Arts and crafts are normally carefree, sedate activities, existing more as a hobby than anything else. But that’s not necessarily the case in the business world, where the concept of supply and demand becomes a real-life experience.
And in a capitalist society, it’s never too early to start showing your five kids how to think like an entrepreneur. During the downtime from the coronavirus pandemic, longtime Riverdale residents Jon and Yael Martin have done just that.
The couple wanted their children to stay productive in a meaningful way during the long and seemingly identical days which came and went in a summer unlike any other. The kids — ranging in age from 1 to 9 — answered the call by launching their own business.
Martin Kidz Crafts, as they ultimately called it, is a social-media operated shop selling accessories like mask holder necklaces and bracelets.
Maya, 9, took the lead on the project keeping her four younger brothers — Elan, Gabriel, Jack and Adir — busy helping out. Fittingly, the most valuable commodity in their inventory is a beaded necklace which latches onto face masks to avoid misplacing them.
“We did it to help people wear their masks, and it helps them look prettier and not lose their masks,” Maya said. “We get mask breaks in school for snack or lunch. This makes it easy to have my mask hang from my neck and not worry about losing it.”
What makes the Martin family’s shop unique in its own way — beyond the fact it’s run by young kids — is the customization aspect of the business. Whether making beaded bracelets or mask holder necklaces, the designs are almost always personalized, giving customers a tangible representation of the family’s love.
“Some people like to make up their own designs and then they say they want it,” said Elan, 8, who oversees packaging and labeling.
Gabriel is the middle child at 6 whose main task is quality control — which entails inspecting the product’s functionality upon completion and preparing free matching bracelets to also send to customers.
Rounding out the team of workers is Jack, 4, and Adir, 1, who, according to Maya, bring value with their “awesomeness and cuteness.”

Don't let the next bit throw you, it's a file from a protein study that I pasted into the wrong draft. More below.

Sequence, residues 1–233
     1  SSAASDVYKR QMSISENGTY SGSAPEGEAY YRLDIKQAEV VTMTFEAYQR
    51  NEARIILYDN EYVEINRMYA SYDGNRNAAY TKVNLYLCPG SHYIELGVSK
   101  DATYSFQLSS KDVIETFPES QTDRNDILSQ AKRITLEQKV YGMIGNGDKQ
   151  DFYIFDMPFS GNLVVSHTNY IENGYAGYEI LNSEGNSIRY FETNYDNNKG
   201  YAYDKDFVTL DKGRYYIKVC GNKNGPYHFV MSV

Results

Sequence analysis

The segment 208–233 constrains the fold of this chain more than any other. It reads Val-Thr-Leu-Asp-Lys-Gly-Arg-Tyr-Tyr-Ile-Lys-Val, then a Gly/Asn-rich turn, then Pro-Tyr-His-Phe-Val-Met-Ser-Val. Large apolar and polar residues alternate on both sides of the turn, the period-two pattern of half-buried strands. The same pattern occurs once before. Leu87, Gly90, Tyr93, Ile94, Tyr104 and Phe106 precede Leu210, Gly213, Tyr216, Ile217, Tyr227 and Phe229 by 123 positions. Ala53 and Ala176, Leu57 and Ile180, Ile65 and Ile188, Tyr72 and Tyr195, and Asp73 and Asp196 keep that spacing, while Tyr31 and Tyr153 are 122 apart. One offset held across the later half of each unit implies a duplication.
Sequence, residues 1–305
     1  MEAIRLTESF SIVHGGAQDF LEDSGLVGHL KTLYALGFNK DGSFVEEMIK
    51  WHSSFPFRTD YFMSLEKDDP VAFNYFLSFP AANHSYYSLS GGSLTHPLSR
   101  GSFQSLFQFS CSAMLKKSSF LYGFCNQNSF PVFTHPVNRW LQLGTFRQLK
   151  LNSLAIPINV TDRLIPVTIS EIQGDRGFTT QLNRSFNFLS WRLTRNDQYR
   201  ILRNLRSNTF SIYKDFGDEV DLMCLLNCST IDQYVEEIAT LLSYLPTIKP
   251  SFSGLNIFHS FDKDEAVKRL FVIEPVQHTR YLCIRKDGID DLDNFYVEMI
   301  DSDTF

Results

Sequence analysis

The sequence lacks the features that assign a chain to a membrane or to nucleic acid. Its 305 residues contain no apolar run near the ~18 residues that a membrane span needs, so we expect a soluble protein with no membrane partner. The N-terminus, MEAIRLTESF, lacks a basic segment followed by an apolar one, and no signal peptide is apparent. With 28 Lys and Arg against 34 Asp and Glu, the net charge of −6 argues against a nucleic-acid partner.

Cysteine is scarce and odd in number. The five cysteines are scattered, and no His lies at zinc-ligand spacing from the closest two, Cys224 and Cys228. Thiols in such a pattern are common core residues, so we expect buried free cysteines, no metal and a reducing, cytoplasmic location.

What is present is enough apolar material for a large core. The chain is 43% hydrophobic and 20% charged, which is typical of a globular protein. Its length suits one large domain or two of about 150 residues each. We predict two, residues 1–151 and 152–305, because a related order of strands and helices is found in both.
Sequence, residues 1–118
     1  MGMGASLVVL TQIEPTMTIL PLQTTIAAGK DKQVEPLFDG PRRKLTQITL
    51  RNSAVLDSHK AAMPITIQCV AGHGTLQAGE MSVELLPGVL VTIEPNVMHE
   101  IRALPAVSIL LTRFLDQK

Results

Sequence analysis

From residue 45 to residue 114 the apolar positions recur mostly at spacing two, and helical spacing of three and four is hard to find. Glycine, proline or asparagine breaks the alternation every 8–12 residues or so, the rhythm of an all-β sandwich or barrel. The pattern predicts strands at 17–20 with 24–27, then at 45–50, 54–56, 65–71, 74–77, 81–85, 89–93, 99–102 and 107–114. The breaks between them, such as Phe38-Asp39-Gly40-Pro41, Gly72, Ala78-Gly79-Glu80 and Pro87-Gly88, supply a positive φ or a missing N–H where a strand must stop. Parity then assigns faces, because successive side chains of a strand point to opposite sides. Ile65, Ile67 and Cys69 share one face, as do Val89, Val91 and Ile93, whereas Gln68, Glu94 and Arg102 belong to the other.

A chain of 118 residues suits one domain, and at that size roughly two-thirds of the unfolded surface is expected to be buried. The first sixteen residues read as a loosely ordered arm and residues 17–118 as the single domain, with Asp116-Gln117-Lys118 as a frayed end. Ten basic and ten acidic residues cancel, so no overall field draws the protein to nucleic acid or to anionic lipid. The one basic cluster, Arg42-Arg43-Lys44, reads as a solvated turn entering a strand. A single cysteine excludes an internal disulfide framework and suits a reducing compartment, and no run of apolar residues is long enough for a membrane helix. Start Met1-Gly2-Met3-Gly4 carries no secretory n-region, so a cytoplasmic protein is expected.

The operations started in early summer when mask-wearing became the new norm. But the youngsters didn’t agree to take things to the “next level” until late July, according to Yael, right around the time they made an Instagram account. To date, Martin Kidz Crafts has amassed around $1,800 in profit — a stark contrast from the $50 profit the newly minted entrepreneurs thought they’d make at the beginning.
Luckily, their customers had other plans for them.
“When they made their first hundred dollars, there was a celebration,” Yael said. “And then again when they made $500. I was impressed, because even though they weren’t keeping the profits for themselves, they still felt so accomplished and proud.”
All five of the Martin children attend SAR Academy. When state Sen. Alessandra Biaggi visited the school, the Martin children noticed she didn’t have a mask necklace of her own. So they decided to design one for her and mail it to her office as a token of their appreciation.
Since the start of the new academic year, the children have had their organizational skills tested as they try to balance school work with the time required to produce the accessories. However, this experience outside the classroom offers its fair share of educational lessons as well — including the introduction of more advanced topics related to their business, like the basics of operating expenses and gross margin.
“It gave the kids a lot of insight into how business works,” Yael said. “I told them I’m happy to spend money on it, but you have to account for your sales and costs.”
Although they are busy tracking the influx of funds, the Martin family has no intentions of keeping a penny of what they make. All the proceeds have been given to Riverdale Hatzalah, a non-profit medical emergency corps which holds a special place in the hearts of the Martin family after having to rely on the service for a previous family emergency.
“When Jack was six months, he got very sick and Hatzalah helped him,” Maya said.
Donating to Riverdale Hatzalah felt right, Yael said, because of the hard work being done by the frontline workers there during the coronavirus pandemic.
“And because of corona, we realized that a lot of the Hatzalah workers are helping people everywhere,” Elan said.
For the past several months, people all around the world have worn face masks to help limit the spread of the coronavirus. According to the Mayo Clinic, a cloth mask effectively prevents droplets from going airborne when wearers talk, cough or sneeze. That has led the Centers for Disease Control and Prevention and World Health Organization to include face masks in their list of recommendations.
The need for face masks around the world became more apparent once people started to get infected without showing symptoms — making them a touted safeguard, and thus a symbol of respect for the health of every individual.
But while some people are tiring of wearing masks in public — a symptom of so-called “pandemic fatigue” — the Martin family hopes its necklace holders make the practice of wearing masks more fun. The goal all along was to make people’s lives more enjoyable during a difficult time in the world — and their success thus far motivates them to continue.
And Yael couldn’t be more proud of her little workers.
“It kept them busy all summer,” she said, “further enforced the charitable values we are trying to instill in them, and it made mask-wearing exciting and fun for them and their customers.”